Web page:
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Wounding and healing as paradox: towards the visual articulation of synthesis

By Bev De Lange


The very notion of wounding can be argued to imply a process of healing. Indeed some wounds are at the outset designed to be instruments of healing. As ten years of my professional life were spent assisting in the surgical creation of such „wounds‟ in an operating theatre it is from this memory timeframe that I initiated the process of developing visual equivalents that become reflective of both wounding and healing. The operation theatre was also an environment from which I developed increased awareness of mind or psyche as an entity conceptually comprising both conscious and unconscious components. Within this context, it can be argued that the patient‟s state of mind moves between consciousness and forms of unconsciousness induced through anaesthesia. Through research into the writings of the psychoanalyst Carl Jung, I began to develop a greater understanding of the concepts surrounding the conscious and unconscious mind in relation to the development of consciousness as well as to the integration of opposites. It is from this understanding of a dynamic process within the mind itself that I have attempted to develop visual signifiers of paradox in order to give expression to symbols that are reflective of these processes and in so doing indicate the psychological journey towards synthesis and individuatio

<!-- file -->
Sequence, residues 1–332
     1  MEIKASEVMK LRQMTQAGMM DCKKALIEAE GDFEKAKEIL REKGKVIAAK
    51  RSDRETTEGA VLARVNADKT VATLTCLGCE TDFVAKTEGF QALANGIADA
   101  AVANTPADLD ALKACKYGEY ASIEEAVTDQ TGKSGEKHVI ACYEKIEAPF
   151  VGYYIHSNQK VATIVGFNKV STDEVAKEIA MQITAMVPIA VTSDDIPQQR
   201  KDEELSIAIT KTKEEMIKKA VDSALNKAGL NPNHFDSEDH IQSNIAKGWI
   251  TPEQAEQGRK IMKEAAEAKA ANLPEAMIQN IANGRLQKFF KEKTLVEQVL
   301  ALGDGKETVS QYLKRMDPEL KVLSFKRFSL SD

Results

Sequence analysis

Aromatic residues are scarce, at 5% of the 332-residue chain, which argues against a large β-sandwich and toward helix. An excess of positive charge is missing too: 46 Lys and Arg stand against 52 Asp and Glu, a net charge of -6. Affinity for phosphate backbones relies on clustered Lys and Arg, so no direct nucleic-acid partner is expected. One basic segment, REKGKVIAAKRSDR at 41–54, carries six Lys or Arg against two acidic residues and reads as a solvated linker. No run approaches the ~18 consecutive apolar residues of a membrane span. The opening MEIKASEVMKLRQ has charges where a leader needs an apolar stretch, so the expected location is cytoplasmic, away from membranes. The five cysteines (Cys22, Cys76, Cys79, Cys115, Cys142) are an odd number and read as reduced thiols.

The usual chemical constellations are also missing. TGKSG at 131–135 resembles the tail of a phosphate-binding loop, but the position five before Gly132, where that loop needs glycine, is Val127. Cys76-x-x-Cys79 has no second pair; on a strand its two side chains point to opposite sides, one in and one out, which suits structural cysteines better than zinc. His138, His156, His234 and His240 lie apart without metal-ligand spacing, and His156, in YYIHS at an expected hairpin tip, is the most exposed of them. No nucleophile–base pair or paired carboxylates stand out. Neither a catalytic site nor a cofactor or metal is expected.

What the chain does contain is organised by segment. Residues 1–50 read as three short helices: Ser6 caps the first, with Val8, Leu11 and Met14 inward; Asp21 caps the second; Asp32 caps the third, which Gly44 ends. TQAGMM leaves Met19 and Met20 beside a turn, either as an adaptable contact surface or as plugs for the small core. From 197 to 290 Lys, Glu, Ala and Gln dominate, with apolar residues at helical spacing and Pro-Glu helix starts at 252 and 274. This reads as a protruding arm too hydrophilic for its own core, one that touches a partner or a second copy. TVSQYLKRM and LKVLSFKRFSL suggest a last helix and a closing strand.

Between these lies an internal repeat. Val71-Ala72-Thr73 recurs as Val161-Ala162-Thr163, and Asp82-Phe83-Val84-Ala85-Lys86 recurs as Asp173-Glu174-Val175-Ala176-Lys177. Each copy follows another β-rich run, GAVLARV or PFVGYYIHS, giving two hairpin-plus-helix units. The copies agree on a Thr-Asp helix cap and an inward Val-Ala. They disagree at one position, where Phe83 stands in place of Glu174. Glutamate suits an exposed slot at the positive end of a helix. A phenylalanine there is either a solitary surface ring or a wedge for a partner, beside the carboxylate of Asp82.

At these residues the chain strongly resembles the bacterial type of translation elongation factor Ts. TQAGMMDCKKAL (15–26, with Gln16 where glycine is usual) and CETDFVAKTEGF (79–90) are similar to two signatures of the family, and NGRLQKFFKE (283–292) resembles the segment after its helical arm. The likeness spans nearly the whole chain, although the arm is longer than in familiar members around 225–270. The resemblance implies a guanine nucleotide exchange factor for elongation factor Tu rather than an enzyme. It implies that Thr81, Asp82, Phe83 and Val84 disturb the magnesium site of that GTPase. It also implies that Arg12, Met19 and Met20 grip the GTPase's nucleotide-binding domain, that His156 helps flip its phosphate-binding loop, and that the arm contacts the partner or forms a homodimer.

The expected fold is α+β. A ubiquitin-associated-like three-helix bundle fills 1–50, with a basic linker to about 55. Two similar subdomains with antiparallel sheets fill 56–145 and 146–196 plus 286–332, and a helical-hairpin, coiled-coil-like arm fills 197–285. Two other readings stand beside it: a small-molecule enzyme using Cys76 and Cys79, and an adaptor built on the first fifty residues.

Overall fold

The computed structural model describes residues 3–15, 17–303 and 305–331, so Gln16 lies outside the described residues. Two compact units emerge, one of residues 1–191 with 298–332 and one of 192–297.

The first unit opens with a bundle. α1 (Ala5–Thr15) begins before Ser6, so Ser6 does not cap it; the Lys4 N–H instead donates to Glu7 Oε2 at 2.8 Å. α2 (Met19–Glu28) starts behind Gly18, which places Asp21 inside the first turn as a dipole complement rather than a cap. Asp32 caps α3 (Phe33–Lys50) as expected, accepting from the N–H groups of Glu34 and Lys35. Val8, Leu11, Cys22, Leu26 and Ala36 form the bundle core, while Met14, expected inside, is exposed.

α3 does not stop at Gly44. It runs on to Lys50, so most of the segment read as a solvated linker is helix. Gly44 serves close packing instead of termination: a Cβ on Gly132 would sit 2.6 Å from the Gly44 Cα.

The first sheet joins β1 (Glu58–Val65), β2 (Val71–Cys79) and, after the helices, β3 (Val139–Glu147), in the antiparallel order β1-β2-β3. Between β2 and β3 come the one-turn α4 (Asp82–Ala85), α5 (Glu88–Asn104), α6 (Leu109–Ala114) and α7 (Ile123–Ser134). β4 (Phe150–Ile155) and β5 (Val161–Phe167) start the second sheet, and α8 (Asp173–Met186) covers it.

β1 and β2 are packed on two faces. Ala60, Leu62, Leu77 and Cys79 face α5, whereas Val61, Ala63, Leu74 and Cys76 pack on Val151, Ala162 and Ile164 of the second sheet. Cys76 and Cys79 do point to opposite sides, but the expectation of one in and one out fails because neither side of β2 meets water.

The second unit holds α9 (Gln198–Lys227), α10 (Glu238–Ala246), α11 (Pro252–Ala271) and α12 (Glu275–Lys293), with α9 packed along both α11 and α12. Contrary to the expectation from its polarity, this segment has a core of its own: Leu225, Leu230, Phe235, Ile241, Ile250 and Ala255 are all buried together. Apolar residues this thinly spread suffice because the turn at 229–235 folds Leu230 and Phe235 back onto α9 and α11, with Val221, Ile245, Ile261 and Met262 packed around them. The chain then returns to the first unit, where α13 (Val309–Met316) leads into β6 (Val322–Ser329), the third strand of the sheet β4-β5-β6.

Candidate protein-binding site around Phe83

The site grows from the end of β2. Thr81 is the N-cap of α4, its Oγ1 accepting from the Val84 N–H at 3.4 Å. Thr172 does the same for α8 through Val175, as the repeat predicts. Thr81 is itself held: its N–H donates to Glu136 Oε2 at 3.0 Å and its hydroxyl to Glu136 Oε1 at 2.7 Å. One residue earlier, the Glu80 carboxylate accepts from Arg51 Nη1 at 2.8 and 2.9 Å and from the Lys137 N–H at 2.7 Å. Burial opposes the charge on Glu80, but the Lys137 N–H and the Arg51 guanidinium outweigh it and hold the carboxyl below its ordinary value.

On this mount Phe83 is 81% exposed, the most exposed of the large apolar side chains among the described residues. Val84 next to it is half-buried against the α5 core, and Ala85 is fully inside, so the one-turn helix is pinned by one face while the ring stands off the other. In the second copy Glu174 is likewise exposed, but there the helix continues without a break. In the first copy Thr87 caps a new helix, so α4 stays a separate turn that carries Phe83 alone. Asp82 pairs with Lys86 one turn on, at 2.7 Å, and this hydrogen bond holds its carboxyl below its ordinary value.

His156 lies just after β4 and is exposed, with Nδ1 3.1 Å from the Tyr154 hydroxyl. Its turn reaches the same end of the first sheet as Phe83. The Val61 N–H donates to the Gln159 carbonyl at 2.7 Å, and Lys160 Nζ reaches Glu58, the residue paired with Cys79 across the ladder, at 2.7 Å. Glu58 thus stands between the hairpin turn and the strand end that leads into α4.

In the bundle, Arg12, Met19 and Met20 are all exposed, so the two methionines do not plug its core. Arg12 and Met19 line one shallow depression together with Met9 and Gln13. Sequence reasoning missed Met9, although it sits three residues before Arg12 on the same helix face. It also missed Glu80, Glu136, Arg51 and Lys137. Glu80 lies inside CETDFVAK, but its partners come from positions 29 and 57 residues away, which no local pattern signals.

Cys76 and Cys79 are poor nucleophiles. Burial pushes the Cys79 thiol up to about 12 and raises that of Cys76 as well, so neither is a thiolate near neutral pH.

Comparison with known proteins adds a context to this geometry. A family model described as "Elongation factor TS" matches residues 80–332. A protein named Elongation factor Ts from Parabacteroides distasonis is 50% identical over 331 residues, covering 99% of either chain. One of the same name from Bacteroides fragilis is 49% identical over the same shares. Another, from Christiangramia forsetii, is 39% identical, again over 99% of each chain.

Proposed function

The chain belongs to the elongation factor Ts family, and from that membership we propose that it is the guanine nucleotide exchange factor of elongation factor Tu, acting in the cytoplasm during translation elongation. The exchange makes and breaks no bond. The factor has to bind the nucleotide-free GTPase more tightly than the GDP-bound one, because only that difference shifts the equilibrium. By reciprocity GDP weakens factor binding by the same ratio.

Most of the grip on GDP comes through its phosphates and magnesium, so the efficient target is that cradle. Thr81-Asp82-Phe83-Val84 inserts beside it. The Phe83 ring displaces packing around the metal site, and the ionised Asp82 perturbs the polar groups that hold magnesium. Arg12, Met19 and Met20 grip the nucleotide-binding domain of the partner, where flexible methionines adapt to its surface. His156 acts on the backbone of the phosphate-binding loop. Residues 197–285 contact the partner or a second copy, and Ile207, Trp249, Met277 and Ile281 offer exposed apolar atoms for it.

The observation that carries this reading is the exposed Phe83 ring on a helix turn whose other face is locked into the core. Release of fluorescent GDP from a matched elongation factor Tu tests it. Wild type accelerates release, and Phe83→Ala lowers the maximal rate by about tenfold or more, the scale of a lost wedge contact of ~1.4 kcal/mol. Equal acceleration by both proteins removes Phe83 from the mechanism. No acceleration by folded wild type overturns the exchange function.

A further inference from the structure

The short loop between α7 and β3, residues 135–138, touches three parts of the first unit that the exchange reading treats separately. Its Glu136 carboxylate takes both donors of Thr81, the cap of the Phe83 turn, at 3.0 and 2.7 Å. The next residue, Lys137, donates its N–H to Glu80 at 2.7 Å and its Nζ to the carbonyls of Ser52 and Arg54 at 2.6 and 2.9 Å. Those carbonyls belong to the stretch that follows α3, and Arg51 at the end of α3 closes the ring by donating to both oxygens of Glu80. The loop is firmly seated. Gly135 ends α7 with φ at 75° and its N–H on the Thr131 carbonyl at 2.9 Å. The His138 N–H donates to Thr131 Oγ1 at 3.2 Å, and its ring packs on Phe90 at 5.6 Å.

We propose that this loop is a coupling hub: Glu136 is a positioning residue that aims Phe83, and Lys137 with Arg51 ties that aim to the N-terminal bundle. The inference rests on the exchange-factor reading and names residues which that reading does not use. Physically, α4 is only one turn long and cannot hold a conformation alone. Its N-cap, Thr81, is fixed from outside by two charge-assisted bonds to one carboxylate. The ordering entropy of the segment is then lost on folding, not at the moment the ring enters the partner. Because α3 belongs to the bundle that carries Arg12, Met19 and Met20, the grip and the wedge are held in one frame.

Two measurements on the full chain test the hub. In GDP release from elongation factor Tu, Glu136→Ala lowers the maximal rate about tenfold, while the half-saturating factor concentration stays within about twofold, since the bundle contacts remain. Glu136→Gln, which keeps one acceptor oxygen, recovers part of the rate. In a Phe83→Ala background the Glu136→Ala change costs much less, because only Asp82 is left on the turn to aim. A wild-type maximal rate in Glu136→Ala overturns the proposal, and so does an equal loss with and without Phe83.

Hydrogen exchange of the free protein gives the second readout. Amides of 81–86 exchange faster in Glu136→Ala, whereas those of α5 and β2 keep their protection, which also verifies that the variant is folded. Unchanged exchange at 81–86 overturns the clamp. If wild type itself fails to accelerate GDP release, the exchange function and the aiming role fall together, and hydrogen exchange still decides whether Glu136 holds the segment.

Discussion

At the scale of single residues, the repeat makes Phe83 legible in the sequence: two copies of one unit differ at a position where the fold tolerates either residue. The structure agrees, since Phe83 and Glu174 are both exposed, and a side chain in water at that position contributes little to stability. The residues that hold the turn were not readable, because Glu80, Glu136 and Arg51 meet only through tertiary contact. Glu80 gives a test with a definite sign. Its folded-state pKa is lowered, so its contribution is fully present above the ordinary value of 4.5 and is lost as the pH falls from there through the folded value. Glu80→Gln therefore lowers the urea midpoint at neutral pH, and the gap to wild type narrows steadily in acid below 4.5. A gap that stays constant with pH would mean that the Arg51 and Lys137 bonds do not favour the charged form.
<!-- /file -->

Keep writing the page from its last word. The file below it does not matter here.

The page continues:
Topics: Psychology
Publisher: Faculty of Arts, School of Music, Art and Design
Year: 2010
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Provided by: SEALS Digital commons
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